This is a broad study of the efforts at modern education for Muslim women, especially with reference to the Aligarh Movement and the initiatives inspired by it in other parts of UP, namely Lucknow, Allahabad, Rampur and Agra.
The role of Muslim leaders, both male and female, the nature of the problems they encountered and the manner in which they countered them is the major thrust of this study. In the process we are introduced to the major debates on women and education during the course of late nineteenth and the first half of the twentieth century.
The author breaks many stereotypes as we learn that it was the more traditional among the Muslim leadership, rather than the ‘modernisers’, who pioneered women’s education and that Muslim women themselves played a major role in nurturing the first institutions under their personal care.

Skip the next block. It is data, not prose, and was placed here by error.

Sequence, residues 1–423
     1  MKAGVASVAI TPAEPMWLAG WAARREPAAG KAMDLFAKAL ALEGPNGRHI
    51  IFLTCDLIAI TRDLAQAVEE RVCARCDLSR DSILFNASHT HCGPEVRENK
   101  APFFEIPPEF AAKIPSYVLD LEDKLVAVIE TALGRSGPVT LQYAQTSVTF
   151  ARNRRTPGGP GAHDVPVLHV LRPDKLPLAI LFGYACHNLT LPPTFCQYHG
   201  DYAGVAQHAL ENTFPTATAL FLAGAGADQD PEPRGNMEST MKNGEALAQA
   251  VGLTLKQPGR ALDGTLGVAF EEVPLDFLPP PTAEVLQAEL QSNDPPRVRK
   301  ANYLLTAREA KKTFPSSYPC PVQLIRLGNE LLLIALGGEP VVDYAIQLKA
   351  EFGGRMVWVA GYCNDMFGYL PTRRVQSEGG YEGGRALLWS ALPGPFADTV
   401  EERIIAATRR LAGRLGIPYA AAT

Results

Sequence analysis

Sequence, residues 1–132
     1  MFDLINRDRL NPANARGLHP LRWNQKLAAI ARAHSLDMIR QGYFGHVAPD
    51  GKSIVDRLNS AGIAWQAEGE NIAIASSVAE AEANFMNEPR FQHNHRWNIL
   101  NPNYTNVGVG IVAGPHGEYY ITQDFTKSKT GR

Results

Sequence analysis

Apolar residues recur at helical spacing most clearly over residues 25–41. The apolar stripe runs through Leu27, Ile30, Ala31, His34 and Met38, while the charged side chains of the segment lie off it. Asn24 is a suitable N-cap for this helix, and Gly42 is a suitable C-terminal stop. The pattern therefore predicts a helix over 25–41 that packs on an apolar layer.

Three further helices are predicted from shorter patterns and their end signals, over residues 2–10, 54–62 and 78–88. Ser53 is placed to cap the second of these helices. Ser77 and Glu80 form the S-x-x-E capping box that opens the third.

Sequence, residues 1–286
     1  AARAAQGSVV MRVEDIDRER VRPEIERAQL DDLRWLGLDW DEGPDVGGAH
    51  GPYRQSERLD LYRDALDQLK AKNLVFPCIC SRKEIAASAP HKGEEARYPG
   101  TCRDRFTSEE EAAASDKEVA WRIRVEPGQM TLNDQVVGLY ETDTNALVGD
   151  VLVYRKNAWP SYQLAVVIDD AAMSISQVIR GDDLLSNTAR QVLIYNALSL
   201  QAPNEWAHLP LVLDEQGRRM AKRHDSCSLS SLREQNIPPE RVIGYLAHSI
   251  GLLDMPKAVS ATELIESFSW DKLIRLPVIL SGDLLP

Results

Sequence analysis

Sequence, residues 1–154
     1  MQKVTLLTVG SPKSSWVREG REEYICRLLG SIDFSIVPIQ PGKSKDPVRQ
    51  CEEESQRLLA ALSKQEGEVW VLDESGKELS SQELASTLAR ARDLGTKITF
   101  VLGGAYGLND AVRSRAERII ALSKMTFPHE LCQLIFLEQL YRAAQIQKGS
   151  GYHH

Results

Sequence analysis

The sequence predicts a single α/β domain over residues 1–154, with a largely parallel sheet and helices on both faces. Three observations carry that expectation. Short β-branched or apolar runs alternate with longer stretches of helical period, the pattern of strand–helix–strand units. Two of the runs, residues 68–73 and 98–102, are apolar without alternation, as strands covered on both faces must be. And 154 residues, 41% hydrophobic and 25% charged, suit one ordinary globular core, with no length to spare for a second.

Based on an extensive range of primary sources and contemporary writings in English, Urdu, Hindi and Persian, Muslim Leadership and Women’s Education is a definitive work in many ways, gives food for thought on developments other than its main theme and will be useful to those concerned with women’s studies, social reform, education and modernity in colonial India, particularly with reference to Muslims.
Three Essays Collective